Tuesday, January 1, 2013
Hi-Tech Studio: Sliders
For time-lapse and motion capture, these simple devices give you a powerful tool for creating impressive projects
|This Article Features Photo Zoom|
As more professional photographers make the leap into motion capture, they're discovering that DSLRs lend themselves to handholding and camera movement during a clip. That is, while anchoring the camera to a sturdy tripod and locking down the whole setup has its time and place, DSLRs give you the freedom to explore shooting in a more dynamic way, from extreme herky-jerky, rapid movement, which is trendy for some filmmakers today, to smooth motion through the use of steadying rigs.
At their most basic, sliders consist of a rail and plate to mount a tripod head. When attached, the camera can slide along the rail smoothly, creating an effect that's distinctly different from the pivot you get by panning from a single point. You can mount the slider to a tripod or a pair of tripods (depending upon the length), or you can attach outrigger-style feet to it and mount on the ground or another surface. Most sliders have some sort of a drive system (it can be standard or an option) to let you move the camera indirectly. High-quality sliders are precision devices that allow the camera to move smoothly without shudders, shakes or bounces. A slider is used for making the camera move a few feet at the most, but just that little bit of movement will change the perspective of your shot, and even a slight change in perspective often makes a big impact.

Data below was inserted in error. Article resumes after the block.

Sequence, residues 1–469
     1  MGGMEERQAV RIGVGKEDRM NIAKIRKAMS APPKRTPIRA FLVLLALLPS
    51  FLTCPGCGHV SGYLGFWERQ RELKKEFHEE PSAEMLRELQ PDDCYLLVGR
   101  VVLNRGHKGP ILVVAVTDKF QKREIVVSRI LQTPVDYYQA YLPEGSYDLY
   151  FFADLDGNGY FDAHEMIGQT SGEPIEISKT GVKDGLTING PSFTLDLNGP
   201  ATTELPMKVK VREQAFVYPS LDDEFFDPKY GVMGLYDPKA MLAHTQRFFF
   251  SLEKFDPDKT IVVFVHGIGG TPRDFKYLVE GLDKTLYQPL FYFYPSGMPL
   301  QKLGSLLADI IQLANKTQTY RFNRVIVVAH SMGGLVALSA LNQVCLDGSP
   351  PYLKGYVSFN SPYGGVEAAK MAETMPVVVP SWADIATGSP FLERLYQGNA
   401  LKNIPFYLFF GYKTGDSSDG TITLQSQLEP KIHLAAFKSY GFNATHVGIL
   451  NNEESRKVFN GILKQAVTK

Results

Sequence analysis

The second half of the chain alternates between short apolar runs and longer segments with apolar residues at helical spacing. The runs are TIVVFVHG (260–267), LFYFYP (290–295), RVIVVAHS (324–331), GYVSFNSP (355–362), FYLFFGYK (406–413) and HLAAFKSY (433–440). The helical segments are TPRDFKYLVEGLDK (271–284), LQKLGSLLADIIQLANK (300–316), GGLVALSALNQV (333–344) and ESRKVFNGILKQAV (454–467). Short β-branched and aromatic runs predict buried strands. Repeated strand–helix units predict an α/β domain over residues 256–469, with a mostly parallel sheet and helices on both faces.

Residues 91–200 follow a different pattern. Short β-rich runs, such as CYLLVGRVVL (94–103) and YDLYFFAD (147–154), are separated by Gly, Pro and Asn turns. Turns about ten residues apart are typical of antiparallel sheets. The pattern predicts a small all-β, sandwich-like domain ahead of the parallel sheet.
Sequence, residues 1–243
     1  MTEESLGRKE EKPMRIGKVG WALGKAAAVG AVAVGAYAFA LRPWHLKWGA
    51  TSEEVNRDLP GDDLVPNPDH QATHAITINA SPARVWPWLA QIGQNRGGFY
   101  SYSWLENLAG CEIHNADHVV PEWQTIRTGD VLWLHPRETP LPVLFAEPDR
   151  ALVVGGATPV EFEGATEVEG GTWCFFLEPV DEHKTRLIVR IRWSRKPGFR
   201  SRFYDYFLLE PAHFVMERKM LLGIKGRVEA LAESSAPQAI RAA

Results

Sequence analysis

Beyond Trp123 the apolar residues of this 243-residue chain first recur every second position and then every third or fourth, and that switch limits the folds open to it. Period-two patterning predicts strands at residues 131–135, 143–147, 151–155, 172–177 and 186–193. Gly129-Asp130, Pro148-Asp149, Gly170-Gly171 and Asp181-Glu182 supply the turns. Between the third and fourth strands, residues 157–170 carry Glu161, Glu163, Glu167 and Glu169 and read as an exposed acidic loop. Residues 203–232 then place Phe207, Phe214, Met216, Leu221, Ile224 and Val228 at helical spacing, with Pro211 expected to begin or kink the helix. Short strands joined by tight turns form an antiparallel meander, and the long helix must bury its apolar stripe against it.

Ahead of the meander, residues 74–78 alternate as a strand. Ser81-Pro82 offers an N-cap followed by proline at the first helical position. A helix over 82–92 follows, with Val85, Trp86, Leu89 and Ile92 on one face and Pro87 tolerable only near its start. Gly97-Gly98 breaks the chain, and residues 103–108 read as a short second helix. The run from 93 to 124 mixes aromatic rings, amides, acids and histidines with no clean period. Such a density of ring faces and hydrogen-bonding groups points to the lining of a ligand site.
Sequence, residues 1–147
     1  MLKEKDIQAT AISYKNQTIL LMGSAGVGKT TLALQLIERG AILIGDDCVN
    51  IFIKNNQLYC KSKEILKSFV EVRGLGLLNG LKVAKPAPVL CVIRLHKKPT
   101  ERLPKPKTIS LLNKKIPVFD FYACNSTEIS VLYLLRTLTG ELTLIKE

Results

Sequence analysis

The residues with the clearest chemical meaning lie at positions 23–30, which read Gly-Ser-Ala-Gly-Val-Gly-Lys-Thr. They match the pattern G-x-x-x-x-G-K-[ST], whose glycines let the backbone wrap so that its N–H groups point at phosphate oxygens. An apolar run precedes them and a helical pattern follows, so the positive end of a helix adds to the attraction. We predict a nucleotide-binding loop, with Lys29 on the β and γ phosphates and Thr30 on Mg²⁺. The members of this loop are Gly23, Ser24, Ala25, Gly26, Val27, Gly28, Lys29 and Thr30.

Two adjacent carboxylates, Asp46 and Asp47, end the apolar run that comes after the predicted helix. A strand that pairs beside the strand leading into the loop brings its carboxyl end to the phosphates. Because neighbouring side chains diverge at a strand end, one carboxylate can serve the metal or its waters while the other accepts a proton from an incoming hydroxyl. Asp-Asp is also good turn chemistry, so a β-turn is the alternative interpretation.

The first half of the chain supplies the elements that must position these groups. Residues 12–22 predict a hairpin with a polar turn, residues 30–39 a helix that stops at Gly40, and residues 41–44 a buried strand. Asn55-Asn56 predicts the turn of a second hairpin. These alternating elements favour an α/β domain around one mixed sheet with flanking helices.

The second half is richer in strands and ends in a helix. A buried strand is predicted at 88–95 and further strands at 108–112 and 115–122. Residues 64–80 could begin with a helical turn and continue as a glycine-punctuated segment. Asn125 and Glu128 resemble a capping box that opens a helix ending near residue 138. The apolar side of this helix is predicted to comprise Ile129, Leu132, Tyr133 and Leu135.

The basics of creating a time-lapse are simple. Program the camera or intervalometer to shoot X number of photographs at Y interval to generate a clip that will be Z in length. Of course, there's more to it than that. In this article, we look at sliders that, in addition to being helpful for a lot of motion shooting, are also excellent tools for adding a moving element to your time-lapse. This adds to the complexity, but time-lapses with movement stand out and get noticed. If you've never seen a time-lapse with movement, take a look at the trailers for Tom Lowe's TimeScapes (www.timescapes.org). Lowe is one of the most innovative time-lapse filmmakers in the world, and he makes extensive use of movement.
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